Amniocentesis: A Prenatal Test

Amniocentesis is done by withdrawing 1/2 to 1 ounce of amniotic fluid from one of the pockets of amniotic fluid that surrounds the baby in the uterus. An ultrasound examination with the amniocentesis shows the doctor precisely where the baby, placenta, umbilical cord, and pockets of fluid are located.

The procedure is relatively painless. Local anesthetic numbs the skin before the doctor inserts the long, thin needle into the uterus. Most women say they just feel pressure as the needle goes in, but not pain. The procedure takes 10 to 15 minutes to complete.

Intermittent cramping may be felt after the amniocentesis, but it usually subsides within a couple of hours. Occasionally, a small amount of amniotic fluid leaks from the vagina. The small leak quickly seals over, and newly manufactured amniotic fluid replaces the lost fluid without harming the baby. If the leaking continues, call your doctor. Refrain from douching, intercourse, and use of tampons until your doctor can evaluate the leaking.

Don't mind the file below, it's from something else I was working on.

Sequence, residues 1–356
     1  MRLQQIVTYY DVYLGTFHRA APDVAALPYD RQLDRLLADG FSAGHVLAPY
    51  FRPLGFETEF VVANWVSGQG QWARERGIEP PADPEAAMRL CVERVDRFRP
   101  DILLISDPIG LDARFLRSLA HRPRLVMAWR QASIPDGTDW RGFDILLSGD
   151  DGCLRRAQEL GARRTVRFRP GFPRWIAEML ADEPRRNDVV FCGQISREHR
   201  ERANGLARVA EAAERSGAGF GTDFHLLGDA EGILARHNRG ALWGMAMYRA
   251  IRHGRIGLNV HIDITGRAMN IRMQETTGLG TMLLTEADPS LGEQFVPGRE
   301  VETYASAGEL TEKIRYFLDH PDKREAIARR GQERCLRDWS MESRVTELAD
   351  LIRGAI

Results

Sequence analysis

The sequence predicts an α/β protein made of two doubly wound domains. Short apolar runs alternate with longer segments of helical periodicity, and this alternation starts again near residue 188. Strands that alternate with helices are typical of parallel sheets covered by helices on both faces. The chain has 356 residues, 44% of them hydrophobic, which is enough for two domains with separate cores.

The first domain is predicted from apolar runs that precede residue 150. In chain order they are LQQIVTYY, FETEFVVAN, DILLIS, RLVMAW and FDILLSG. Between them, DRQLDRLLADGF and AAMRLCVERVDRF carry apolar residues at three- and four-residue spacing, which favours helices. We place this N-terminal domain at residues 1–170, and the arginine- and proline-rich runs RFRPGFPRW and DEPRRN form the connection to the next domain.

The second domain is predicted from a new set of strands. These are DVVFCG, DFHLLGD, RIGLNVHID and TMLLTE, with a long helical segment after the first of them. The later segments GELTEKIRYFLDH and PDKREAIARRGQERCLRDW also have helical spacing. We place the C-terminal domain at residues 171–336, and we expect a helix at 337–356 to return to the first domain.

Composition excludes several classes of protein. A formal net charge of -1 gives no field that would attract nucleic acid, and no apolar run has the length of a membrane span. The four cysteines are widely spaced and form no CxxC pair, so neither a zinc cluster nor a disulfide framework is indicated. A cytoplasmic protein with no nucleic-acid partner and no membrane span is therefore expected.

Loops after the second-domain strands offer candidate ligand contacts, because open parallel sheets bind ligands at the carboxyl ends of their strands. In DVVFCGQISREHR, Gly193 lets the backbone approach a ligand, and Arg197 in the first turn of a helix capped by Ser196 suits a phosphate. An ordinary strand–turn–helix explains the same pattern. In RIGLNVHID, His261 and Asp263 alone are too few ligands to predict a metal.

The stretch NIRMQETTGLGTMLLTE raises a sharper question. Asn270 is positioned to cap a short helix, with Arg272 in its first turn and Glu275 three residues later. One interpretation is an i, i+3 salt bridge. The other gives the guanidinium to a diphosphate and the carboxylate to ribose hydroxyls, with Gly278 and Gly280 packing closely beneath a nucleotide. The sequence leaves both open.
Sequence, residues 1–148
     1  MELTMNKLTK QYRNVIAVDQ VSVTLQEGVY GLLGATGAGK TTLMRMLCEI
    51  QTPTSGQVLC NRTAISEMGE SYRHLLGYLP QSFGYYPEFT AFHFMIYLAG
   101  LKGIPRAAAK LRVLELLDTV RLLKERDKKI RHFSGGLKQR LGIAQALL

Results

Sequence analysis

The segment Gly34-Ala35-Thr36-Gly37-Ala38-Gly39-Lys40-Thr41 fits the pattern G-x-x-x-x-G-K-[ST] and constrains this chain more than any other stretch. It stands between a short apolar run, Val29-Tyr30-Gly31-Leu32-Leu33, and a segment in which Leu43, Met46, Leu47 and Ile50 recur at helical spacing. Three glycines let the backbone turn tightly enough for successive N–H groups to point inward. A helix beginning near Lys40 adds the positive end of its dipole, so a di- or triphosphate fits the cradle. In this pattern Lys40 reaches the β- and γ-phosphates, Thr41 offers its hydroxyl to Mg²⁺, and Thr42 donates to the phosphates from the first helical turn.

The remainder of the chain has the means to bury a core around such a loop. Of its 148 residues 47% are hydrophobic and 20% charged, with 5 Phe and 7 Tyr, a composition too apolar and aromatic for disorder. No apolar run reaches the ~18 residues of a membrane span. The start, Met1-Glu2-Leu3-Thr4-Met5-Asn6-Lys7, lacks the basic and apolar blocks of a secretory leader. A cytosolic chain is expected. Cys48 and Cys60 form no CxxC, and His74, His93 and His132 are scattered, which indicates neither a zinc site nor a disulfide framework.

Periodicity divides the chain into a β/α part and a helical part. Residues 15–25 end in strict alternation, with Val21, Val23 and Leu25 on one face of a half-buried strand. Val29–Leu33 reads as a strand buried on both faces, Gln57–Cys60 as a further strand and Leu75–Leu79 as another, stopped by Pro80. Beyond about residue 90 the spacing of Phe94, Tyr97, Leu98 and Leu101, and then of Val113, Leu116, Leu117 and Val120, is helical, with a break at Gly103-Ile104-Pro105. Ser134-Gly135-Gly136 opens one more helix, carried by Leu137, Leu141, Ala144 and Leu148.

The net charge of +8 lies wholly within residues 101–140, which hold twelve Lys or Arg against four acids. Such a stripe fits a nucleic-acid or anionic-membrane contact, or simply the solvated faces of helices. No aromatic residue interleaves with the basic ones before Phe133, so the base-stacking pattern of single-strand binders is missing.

The incidence of complications for amniocentesis is 1 percent – extremely low. The potential risks, such as preterm labor or sticking the baby, cord, or placenta with the needle, are more hypothetical than real, particularly when used with ultrasound guidance. Amniocentesis is widely used and considered an important tool to help your doctor make an appropriate and a safe obstetrical decision for both you and your baby.

Common Uses for Amniocentesis

1. Genetic studies and counseling that indicate inherited diseases such as Tay-Sachs disease or chromosome disorders such as Down’s syndrome (mongolism). Testing can be done at 15 to 18 weeks when there’s sufficient amniotic fluid for a specimen.

2. Neural tube defects suspected – spina bifida (spinal cord not covered and anencephaly – deformed head with exposed brain).

3. Fetal lung maturity. If your due date is uncertain or if preterm labor threatens, amniotic fluid analysis can determine whether or not the attempt should be made to stop labor.

4. Rh disease where blood incompatibility is a factor. The test can determine the amount of bilirubin (decomposed red blood cells) in the amniotic fluid. High rates of bilirubin may indicate that the baby is severely anemic and needs to be delivered.

See Also:

Placenta Bleeding
Pre-Natal Follow Up Visits

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